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Chapter 6 Gitman

Chapter 6 Gitman

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Chapter 6

Interest Rates and Bond Valuation

Solutions to Problems
P6-1. LG 1: Interest Rate Fundamentals: The Real Rate of Return Basic Real rate of return = 5.5% – 2.0% = 3.5% P6-2. LG 1: Real Rate of Interest Intermediate (a) Supply and Demand Curve
Current Suppliers

Interest Rate Required Demanders/ Supplier (%)

9 8 7 6 5 4 3 2 1 0 1 5 10 20 50 100

Demanders after new Current demanders

Amount of Funds Supplied/Demanded ($) billion

(b) The real rate of interest creates an equilibrium between the supply of savings and the demand for funds, which is shown on the graph as the intersection of lines for current suppliers and current demanders. K0 = 4% (c) See graph. (d) A change in the tax law causes an upward shift in the demand curve, causing the equilibrium point between the supply curve and the demand curve (the real rate of interest) to rise from ko = 4% to k0 = 6% (intersection of lines for current suppliers and demanders after new law).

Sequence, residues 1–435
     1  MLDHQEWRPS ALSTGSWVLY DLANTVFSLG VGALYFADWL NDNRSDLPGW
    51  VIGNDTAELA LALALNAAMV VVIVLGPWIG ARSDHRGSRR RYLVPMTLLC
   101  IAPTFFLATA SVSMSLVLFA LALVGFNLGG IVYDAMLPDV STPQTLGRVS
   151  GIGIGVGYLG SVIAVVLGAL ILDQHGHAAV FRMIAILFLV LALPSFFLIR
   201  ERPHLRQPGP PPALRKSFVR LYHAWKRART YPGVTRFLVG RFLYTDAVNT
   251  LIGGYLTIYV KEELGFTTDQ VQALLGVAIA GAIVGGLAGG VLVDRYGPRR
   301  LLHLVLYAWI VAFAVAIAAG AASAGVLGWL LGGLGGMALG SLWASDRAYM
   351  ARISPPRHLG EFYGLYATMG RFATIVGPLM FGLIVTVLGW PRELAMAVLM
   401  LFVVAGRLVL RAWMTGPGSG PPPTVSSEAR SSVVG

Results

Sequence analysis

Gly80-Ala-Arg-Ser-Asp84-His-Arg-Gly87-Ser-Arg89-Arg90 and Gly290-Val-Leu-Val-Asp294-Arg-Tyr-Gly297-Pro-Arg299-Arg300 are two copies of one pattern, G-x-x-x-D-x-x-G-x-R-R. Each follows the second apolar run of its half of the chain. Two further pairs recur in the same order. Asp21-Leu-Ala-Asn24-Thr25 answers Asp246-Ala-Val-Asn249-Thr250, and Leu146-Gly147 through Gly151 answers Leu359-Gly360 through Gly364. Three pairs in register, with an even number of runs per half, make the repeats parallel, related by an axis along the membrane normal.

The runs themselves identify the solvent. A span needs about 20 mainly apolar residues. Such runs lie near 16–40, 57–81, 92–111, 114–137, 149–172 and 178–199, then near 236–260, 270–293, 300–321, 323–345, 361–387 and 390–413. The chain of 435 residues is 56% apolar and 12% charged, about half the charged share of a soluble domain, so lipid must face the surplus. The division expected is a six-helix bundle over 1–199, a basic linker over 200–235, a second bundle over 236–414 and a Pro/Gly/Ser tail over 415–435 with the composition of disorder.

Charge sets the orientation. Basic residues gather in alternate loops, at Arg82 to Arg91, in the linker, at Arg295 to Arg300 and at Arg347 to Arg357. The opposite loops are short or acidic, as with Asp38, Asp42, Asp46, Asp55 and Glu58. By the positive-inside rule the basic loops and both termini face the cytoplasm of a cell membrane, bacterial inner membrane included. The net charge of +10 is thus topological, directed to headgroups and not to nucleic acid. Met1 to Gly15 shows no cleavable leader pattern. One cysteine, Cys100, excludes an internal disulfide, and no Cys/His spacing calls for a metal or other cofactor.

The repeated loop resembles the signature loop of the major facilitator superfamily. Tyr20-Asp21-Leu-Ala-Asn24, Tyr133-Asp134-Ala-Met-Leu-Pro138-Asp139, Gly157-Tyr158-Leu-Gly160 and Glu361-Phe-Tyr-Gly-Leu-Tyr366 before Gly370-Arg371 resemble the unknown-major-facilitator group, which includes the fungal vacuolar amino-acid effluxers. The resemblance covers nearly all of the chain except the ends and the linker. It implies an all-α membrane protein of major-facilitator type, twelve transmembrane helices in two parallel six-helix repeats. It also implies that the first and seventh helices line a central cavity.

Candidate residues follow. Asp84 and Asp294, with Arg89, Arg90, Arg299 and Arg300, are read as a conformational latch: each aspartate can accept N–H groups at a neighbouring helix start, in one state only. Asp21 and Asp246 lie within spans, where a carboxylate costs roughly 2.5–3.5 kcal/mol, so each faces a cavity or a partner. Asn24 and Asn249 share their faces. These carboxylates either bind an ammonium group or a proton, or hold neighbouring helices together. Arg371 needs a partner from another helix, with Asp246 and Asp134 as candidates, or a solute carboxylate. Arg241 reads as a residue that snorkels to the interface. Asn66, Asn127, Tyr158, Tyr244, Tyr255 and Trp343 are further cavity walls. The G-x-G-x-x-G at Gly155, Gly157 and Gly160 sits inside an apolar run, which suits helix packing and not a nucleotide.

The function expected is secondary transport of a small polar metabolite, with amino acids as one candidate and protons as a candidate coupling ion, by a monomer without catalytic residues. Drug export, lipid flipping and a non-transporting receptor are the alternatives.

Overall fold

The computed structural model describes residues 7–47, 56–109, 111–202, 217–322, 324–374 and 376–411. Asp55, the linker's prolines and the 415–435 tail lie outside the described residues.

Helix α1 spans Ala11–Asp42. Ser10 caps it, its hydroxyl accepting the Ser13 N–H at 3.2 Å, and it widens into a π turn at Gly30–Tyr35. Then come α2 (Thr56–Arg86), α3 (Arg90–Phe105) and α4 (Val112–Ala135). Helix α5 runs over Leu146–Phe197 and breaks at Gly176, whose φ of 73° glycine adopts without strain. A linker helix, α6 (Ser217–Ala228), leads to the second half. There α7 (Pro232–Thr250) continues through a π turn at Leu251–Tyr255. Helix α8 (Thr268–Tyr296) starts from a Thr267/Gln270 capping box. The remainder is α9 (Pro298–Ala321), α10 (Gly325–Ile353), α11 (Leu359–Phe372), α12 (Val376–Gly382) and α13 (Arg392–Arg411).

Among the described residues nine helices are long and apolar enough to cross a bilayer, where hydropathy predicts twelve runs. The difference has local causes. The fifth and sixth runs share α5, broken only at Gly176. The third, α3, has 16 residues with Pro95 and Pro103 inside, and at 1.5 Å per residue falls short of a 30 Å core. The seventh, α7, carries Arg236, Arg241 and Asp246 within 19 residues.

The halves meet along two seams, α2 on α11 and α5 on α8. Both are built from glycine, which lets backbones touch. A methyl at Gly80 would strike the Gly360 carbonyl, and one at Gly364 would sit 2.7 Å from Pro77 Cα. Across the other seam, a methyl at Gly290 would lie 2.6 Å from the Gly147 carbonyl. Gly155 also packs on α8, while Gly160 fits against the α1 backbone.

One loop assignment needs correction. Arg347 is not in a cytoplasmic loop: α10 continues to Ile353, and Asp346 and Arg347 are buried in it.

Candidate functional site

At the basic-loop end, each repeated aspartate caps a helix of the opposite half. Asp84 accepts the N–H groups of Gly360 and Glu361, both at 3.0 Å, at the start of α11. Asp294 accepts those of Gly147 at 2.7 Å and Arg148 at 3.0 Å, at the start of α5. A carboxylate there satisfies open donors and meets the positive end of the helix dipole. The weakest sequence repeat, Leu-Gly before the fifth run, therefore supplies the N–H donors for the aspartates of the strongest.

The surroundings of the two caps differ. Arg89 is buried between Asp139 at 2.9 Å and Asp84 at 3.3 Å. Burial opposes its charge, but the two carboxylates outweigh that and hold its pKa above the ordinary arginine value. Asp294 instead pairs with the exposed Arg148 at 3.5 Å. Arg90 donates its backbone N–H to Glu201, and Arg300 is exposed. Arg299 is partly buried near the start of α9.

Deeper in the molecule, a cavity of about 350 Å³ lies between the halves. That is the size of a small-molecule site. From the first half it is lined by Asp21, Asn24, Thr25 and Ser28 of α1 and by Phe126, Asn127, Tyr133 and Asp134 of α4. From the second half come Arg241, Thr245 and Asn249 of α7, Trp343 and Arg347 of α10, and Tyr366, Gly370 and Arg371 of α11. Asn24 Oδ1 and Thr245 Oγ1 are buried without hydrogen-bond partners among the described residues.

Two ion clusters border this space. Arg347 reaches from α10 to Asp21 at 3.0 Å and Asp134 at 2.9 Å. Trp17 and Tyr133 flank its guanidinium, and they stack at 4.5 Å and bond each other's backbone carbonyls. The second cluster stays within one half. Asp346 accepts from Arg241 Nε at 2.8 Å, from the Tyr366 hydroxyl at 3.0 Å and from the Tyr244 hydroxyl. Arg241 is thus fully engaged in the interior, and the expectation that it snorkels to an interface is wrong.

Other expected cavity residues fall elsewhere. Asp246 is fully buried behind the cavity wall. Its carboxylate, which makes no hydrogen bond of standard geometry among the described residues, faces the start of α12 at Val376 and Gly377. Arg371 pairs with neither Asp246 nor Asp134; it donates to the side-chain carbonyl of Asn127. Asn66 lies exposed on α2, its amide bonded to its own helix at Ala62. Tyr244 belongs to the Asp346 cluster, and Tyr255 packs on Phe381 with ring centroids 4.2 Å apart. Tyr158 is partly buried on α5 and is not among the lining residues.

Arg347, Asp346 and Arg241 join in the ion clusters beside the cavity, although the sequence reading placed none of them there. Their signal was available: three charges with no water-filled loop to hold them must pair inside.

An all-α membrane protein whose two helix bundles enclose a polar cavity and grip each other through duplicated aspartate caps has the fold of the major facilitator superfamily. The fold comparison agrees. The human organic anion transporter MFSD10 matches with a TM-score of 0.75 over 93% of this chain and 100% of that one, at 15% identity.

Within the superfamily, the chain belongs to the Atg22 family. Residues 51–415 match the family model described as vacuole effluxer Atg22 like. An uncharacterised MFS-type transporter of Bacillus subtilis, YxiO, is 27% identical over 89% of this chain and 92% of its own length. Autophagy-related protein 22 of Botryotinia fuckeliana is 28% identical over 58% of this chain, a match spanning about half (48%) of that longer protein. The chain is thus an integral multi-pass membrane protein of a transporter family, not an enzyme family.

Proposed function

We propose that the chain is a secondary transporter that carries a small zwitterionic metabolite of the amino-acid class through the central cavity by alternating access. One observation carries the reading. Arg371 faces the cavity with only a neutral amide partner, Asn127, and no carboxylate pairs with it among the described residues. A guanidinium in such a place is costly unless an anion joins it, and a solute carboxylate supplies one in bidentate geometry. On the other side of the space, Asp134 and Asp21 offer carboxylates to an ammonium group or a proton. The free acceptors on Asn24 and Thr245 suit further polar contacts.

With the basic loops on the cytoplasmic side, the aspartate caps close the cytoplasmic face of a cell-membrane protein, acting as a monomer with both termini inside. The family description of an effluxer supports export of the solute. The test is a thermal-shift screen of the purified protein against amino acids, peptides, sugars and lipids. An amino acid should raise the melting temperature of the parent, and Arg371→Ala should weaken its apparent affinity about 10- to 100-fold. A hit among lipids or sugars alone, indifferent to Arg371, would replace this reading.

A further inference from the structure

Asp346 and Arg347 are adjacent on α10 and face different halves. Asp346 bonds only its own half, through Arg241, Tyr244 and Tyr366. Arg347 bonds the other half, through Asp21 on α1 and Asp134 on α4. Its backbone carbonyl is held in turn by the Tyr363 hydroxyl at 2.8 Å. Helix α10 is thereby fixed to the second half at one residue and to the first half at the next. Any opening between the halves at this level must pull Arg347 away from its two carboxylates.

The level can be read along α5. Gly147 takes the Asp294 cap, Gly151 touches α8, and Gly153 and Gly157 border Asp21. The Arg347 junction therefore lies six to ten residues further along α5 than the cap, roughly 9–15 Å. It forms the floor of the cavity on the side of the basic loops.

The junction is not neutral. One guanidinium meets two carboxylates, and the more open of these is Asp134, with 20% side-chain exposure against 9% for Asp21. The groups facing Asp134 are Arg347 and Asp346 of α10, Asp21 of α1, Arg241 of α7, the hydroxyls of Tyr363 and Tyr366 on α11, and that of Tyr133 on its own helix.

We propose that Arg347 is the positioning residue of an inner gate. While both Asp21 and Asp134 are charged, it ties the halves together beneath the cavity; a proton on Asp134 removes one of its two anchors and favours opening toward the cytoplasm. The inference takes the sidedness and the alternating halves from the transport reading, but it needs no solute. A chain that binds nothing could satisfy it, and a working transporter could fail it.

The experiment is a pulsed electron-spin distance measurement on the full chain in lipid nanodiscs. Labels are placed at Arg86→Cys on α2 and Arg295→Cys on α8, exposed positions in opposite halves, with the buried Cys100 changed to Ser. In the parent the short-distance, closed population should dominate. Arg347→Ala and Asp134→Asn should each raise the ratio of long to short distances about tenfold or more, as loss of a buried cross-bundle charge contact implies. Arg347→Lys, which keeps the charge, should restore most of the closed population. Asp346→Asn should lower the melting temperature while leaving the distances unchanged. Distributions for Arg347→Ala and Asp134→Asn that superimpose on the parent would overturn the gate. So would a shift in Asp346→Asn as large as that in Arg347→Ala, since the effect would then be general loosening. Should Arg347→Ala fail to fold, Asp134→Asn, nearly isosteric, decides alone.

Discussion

(e) The real rate of return is 9% – 5% = 4%. Treasury issues. RP = 0 RF = k* + IP 20 year bond: 3 month bill: 1 year note: 5 year bond: RF = 2.S.0381). reflecting lower expected future rates of interest.S.5 + 6% = 8.Chapter 6 Interest Rates and Bond Valuation 145 P6-3.05) = $26.1524 ÷ 4 = 0. The curve may reflect a general expectation for an economic recovery due to inflation coming under control and a stimulating impact on the economy from the lower rates.8% more shirts (4.5% RF = 2. LG 1: Yield Curve Intermediate (a) Yield Curve of U.5% RF = 2.5% RF = 2.5 + 9% = 11. (a) (b) (c) (d) P6-4. LG 1: Real and Nominal Rates of Interest Intermediate 4 shirts $100 + ($100 × 0.5 + 5% = 7. LG 1: Nominal Interest Rates and Yield Curves Challenge (a) kl = k* + IP + RP1 For U.5 + 8% = 10. The change in the number of shirts that can be purchased is determined by the real rate of return since the portion of the nominal return for expected inflation (5%) is available just to maintain the ability to purchase the same number of shirts.1524.5% .25 The number of polo shirts in one year = $109 ÷ $26.09) = $109 $25 + ($25 × 0.25 = 4. Treasury Securities 14 12 10 8 Yield % 6 4 2 0 0 5 10 15 20 Time to Maturity (years) (b) The yield curve is slightly downward sloping. He can buy 3. P6-5.